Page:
When Janice Sullivan was interviewing to head up Rebecca Taylor, the designer asked her what exactly she planned on doing at the company. That was four years ago, and the beginning of Sullivan’s revamp of the contemporary brand.
Since joining the team, Sullivan has pushed the company in a direction that resembles a direct-to-consumer brand, putting the customer first and finding a way to connect with them everywhere.
“Being able to speak to the consumer directly is the biggest opportunity these small, contemporary brands have had,” said Sullivan. “While people talk about the contemporary world getting the big squeeze, and while there are more contemporary brands than ever, carving out that ability to present your brand and speak directly to your customer, and being able to showcase your brand on social media, on e-commerce, in your stores and with your wholesale partners is the biggest opportunity you have.”
On this week’s episode of The Glossy Podcast, Hilary Milnes sits down with Sullivan, CEO of Rebecca Taylor and Parker, to discuss why she decided to take Rebecca Taylor’s personal life out of the brand identity, how the retail business is evolving and why the brand reclaimed its e-commerce business. Edited highlights below.
Moving Rebecca’s personal life out of the spotlight
“In some of my early workings with Rebecca, it was really evident to me that she didn’t want to put herself out there as this perfect somebody. I remember that she took me through a brand book that was done before I started. It was Rebecca on a lawn, with her children and husband spread out beside her. She was like, ‘You know, that’s not who I want to be for this brand. I’m the one who comes to work every day, in fittings and designing. I’m not this persona. Is that OK?’ And that is totally OK. We don’t need to sell some candied version of who she is. If that’s not authentic, then let’s just not do it. In her own way, she was testing this. What part of her needs to be the public face of the brand? As the business person, I think it’s really important to focus on what your creatives are comfortable with and what’s in their wheelhouse. Rebecca had enough in her wheelhouse without this sideshow of also being the perfect mom.”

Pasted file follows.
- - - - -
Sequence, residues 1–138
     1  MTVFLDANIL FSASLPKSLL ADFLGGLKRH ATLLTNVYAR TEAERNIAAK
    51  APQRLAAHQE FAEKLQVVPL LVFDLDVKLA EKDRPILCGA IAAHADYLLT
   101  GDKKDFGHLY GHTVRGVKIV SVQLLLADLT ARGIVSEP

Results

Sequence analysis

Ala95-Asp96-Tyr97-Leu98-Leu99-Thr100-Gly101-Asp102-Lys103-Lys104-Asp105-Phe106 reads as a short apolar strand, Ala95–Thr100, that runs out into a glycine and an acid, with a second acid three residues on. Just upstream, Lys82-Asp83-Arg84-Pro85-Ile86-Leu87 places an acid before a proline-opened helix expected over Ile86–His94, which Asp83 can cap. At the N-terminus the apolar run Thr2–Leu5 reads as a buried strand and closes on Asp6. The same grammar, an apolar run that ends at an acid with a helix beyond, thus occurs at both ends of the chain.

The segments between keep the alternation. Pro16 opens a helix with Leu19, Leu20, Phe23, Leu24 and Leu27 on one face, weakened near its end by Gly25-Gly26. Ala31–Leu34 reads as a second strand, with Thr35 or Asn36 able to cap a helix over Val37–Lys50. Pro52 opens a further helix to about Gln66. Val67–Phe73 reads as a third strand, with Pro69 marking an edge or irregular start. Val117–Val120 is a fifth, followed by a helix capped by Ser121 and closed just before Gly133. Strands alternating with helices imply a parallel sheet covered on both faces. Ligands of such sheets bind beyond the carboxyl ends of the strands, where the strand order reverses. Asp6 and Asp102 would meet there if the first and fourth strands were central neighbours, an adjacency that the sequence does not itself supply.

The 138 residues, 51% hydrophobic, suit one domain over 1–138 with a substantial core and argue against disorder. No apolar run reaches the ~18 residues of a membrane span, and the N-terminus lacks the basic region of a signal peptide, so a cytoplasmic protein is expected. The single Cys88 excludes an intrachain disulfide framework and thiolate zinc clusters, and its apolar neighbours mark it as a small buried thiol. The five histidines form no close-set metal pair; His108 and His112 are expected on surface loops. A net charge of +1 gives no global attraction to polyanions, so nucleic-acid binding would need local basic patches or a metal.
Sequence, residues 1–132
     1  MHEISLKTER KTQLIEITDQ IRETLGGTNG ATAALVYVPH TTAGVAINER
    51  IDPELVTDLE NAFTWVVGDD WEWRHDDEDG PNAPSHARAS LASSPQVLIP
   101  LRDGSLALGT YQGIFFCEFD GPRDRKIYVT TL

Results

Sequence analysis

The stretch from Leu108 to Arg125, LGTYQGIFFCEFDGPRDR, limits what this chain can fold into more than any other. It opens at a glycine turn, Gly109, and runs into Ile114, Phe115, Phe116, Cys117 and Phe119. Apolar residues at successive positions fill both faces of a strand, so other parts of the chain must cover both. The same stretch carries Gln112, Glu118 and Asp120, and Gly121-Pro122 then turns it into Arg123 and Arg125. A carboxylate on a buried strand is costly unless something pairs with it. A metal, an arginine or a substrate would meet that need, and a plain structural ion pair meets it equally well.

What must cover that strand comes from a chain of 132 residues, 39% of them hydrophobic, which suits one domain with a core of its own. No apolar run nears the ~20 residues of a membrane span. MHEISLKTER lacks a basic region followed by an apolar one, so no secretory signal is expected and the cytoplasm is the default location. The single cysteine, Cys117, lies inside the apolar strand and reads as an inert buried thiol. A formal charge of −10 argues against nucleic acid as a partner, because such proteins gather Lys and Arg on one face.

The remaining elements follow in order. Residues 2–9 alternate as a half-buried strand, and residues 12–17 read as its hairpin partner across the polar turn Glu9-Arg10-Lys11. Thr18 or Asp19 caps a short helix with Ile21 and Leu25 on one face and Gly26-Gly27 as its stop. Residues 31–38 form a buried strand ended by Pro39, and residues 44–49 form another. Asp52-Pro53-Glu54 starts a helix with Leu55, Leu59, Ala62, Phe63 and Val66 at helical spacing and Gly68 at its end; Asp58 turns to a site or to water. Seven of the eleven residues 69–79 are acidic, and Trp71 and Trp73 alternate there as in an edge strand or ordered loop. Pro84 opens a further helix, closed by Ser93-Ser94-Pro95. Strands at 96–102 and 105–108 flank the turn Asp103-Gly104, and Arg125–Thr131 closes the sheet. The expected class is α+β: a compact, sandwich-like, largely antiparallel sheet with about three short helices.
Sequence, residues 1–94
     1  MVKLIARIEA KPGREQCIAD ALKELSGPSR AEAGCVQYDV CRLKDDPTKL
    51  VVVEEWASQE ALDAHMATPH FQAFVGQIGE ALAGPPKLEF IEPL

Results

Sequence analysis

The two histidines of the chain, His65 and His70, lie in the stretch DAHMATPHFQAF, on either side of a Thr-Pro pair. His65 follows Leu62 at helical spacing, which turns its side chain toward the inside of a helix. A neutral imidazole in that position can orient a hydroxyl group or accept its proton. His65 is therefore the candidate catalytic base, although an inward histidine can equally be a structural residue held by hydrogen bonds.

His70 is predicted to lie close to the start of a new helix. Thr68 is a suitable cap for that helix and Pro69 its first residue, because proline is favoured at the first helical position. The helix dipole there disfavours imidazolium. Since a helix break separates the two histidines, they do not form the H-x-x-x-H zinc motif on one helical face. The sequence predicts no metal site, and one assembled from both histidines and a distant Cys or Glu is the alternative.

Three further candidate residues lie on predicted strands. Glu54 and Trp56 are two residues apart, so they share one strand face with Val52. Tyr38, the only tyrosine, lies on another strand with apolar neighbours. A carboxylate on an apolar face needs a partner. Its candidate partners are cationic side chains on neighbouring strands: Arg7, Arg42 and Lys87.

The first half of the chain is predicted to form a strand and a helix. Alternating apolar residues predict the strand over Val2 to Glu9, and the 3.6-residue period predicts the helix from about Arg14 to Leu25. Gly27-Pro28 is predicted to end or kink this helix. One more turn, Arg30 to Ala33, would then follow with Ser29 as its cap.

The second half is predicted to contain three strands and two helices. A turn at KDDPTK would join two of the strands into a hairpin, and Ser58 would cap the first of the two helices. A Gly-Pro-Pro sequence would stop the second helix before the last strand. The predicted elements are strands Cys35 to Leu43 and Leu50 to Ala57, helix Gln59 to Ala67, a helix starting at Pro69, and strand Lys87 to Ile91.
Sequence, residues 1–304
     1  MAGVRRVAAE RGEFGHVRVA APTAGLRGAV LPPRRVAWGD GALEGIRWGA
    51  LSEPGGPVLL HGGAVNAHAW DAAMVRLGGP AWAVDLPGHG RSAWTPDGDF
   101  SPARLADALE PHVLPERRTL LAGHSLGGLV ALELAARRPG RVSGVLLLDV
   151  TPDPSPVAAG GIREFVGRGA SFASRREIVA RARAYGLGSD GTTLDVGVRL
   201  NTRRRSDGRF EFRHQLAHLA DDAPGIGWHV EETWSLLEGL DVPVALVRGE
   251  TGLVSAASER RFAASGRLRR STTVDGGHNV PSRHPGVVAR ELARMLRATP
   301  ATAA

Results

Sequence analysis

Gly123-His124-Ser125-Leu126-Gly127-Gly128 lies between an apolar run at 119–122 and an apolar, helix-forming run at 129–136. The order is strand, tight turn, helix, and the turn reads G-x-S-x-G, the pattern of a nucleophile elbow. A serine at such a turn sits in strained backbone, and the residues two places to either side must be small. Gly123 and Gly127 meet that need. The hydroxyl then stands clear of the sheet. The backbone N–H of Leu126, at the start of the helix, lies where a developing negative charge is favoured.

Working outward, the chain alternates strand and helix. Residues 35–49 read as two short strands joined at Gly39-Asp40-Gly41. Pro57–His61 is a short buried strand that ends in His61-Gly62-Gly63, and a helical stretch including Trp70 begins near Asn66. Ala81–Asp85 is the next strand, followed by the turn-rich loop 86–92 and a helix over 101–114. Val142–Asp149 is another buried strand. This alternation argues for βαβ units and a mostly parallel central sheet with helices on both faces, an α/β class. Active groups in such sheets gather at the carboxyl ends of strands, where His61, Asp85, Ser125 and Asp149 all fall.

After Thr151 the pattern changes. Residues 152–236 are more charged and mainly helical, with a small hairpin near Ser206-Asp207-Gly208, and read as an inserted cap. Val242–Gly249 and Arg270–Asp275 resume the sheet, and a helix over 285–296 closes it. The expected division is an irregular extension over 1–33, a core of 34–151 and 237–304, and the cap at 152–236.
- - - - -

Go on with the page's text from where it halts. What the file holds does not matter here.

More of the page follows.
The next shakeout
“I think small, contemporary brands have to be as fluid as possible. They have to be able to respond and evolve, both with their customers and their big wholesale partners. If you don’t have that ability to flex and change — if you get stuck too far out there or too far in your ways — you’re going to get caught up. So, one, be really flexible in what you do. That’s what our partners are asking from us. And, two, really mine your customer for opportunity, and be open to her at all times. You really have to get out of your brand and listen to her, because the big shift is not wholesale versus e-commerce versus retail. It’s putting the customer in the driver’s seat, no matter where you are; that’s the most important thing. If you or your leadership is thinking of putting her first, then you’re doing the right thing.”